An important dynamic that Schwartz mentions, not only as it pertains to Mann’s films, but of (especially well-crafted) films in general, is the notable interplay between the audience and the film or “the image.”  The image changes us, which in turn changes the image ad infinitum, establishing a feedback loop and a co-evolution between the viewer’s interpretation of the film as it relates to their own experiences, and the ongoing evolution of every new cinematic product.  There may be some indoctrinatory danger in this cycle if the movie you’re engaging with is a mass-produced product, since this product is, insofar as it’s mass-produced, deeply connected to “the system”, indeed the very same system trying to capture John Dillinger in PE.  And yet, even though the mass-produced product is a part of the system, and despite its being a cog in the wheel of what we might call a cybernetic infrastructure of control, Schwartz highlights an important potentiality in film viewing that is often taken for granted:

“…The staggering climax inside the Biograph beseeches us to aspire to the images conscientiously, reconciling the mass-produced product with our private histories and elevating the picture and our lives with the media.”

In other words, even in the case of mass-produced cinema, we as viewers stand to potentially gain a valuable experience, and possibly a spiritual or philosophical one at that by our forming a personal relationship with the film, synthesizing the external stimuli with our inner sense of self, coalescing with the characters and integrating them into our own relationships and to ourselves, thus expanding our set of perspectives by connecting to someone “off the map”.  On the other hand, Schwartz also mentions Herbert Marcuse’s views, which aptly describes the inherent problem of art insofar as it becomes a part of “the system”:

“…Herbert Marcuse writes that as long as art has become part of the system, it ceases in questioning it, and thus impedes social change.  Poetic language must transcend the “real” world of the society, and in order to transcend that world it must stand opposed to it, questioning it, quelling us out of it.”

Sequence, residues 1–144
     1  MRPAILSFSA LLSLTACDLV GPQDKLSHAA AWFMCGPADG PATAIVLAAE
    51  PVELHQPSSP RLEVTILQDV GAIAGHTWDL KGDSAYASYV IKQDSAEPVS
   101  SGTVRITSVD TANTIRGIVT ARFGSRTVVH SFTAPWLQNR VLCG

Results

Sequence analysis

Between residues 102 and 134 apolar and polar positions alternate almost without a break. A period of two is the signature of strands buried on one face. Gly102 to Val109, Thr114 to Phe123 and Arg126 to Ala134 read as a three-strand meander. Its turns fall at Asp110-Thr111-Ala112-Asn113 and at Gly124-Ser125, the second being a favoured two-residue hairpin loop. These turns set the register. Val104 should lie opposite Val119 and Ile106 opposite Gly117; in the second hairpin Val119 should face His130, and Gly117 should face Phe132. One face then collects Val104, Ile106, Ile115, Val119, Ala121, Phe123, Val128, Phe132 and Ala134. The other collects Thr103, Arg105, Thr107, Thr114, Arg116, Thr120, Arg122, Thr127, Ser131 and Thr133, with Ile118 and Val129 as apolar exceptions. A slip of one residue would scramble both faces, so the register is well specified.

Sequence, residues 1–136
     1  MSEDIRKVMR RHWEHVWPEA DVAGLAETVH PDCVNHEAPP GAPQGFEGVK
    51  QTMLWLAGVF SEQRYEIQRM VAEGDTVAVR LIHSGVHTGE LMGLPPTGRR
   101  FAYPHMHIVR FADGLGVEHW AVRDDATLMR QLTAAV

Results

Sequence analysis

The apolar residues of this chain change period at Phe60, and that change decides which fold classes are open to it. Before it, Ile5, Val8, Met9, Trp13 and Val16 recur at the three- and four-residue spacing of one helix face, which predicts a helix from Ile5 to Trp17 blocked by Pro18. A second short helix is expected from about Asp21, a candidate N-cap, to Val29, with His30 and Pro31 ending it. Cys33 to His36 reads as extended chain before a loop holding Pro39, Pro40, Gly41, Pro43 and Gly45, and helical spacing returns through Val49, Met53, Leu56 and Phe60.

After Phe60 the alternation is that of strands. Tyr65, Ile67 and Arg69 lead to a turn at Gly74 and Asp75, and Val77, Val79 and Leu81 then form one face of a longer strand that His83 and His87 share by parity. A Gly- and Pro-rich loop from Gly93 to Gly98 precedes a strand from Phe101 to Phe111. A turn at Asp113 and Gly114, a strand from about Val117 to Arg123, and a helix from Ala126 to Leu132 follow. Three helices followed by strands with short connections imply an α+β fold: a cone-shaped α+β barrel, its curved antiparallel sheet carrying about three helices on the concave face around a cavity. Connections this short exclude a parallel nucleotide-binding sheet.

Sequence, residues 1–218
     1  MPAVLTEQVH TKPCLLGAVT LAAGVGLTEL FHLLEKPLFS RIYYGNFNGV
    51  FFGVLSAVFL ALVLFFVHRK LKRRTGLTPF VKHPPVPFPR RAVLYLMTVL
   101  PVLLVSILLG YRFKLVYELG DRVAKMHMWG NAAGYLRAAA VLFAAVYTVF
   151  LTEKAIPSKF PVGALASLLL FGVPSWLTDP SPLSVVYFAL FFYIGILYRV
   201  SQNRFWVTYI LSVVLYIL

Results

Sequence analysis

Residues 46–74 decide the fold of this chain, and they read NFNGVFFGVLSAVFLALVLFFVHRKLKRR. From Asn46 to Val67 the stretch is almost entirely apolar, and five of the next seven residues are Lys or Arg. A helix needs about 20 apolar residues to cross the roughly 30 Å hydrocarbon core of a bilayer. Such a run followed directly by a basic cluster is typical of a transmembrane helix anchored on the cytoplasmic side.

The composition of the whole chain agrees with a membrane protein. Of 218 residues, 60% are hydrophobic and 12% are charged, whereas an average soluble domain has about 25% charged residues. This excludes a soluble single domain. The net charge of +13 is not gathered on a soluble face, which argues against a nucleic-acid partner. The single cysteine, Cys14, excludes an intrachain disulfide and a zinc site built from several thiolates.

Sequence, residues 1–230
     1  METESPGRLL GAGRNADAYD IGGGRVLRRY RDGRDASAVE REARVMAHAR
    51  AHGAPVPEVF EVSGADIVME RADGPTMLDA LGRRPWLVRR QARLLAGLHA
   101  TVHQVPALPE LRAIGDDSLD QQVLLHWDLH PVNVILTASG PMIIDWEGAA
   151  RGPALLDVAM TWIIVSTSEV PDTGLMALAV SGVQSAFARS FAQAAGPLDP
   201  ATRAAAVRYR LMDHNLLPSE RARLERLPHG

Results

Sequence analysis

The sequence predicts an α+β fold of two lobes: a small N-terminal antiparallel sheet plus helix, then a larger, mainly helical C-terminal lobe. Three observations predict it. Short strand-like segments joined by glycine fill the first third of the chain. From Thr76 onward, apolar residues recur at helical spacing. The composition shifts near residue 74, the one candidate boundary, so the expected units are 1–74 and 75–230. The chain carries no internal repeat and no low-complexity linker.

But we need also realize that art will inevitably be influenced by the system, because there are simply too many subliminal or even explicit system-orchestrated ideas that the artist (and everyone else in society) has been instilled with, even if entirely unbeknownst to them.  It seems that the capacity for poetic language to transcend the real world of the society lies in its simply providing any new perspective at all, making use of allegory, metaphor, and the crossing of contextual boundaries, and it can do so even if this new perspective doesn’t necessarily or explicitly oppose some other (even mainstream) perspective.

This is most definitely not to in any way discount Marcuse’s overarching point of how art’s connection to the system is a factor that limits its efficacy in enacting social change and its ability to positively feed the public’s collective stream of consciousness, but merely to point out that art’s propensity for transcending the status quo isn’t entirely inhibited from its unavoidable connection to the system.  And to once again bring us back to the scene in PE where Dillinger is fully absorbing (or being fully absorbed by) his viewing of Manhattan Melodrama in the Biograph theater, Schwartz seems to describe the artistic value of a film as something at least partially dependent on whether or not it facilitates a personal and transcendent experience in any of the viewers:

“Cinema is elevated to a ceremony of transubstantiation where fixed bodies are resurrected through the mercurial alchemy of speed and light, contradicting the consumption we saw earlier during the newsreel.  Dillinger’s connection to cinema is a meditative and private one…”

I think it’s fair to say that, if there’s anything that can elevate our own experience of Mann’s work in particular, and film viewing more generally, Schwartz’s Off the Map is a great philosophical and spiritual primer to help get us there.  Both comprehensive and brilliantly written, Schwartz’s contribution to film scholarship should become required reading for anybody interested in cinema and film viewing.

Irrational Man: An Analysis (Part 4, Chapter 11: The Place of the Furies)